Several media outlets have featured work from David Chester, Ph.D., and/or the SPN Lab. Browse a selection of these profiles below.
"After understanding what drives sadists, researchers want to create profiles that could be used to identify those who are most likely to commit violence..." Read more.
~ International Business Times (December 3, 2017)
"For this study, Chester and DeWall started with the simple question: 'Who are revenge-seekers — and what motivates them?'” Read more.
~ Psychology Today (December 2, 2017)
Happiness and hurtfulness: Why does it feel so good to act so bad?
"How would it feel to get even with your biggest enemy? The answer, according to David Chester (2017), is as sweet as apple pie." Read more.
~ Association for Psychological Science (August 31, 2017)
What is the psychology behind violence and aggression? A new VCU lab aims to find out
"Why do people seek to harm others?" Read more.
~ VCU News (August 17, 2017)
People who take revenge do it to restore inner peace, study says
"Researchers assessed how rejected participants felt, and then had them participate in a digital 'Voodoo Doll Task.'" Read more.
~ Broadly [Vice] (January 11, 2017)
Revenge really is sweet: study shows the mood-enhancing effect of retaliation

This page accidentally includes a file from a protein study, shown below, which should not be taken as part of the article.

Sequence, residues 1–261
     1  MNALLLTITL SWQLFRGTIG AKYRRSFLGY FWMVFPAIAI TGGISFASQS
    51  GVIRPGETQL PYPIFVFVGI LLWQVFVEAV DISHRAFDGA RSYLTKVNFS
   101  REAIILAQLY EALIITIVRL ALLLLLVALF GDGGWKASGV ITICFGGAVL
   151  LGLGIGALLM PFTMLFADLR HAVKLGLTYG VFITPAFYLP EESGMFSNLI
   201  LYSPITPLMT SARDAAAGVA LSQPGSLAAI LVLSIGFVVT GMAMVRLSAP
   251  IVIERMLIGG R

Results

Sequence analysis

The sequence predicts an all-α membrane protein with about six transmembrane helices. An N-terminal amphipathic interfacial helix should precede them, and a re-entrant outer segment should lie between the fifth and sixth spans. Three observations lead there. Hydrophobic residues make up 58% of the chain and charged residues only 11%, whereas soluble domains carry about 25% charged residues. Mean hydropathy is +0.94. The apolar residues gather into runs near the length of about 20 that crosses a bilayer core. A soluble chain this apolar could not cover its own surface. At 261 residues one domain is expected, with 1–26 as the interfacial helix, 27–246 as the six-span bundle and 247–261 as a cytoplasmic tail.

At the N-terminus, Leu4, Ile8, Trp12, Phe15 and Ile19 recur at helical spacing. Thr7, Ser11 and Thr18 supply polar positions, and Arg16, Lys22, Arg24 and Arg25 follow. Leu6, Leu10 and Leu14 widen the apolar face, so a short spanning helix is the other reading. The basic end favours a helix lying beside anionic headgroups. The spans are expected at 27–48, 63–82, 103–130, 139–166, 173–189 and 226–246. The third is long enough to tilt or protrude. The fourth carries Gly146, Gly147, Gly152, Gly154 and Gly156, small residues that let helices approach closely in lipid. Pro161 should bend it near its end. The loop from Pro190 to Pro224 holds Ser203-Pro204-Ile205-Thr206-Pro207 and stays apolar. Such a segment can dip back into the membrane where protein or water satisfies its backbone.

“To obtain the positive affect associated with retaliatory aggression, individuals may actively seek out provocation in their daily lives.” Read more.
~ The British Psychological Society Research Digest (January 5, 2017)
Turns out getting revenge really does make you happier
"It’s not exactly a flattering reflection of our collective psyches, but it’s one of those things that’s nevertheless good to know." Read more.
~ The Science of Us [New York Magazine blog] (January 5, 2017)
Loneliness can be depressing, but it may have helped humans survive
"In other words: It’s not you, it’s just your genes trying to help you survive the dangers of the Paleolithic wilderness." Read more.
~ The Washington Post (September 2, 2016)
Trump is a near-perfect example of needy narcissism
"...narcissists would never tell you explicitly that they are quietly panicking about their self-worth...But in some fascinating new studies, the brains and bodies of narcissists betray them." Read more.
~ The Science of Us [New York Magazine blog] (March 14, 2016)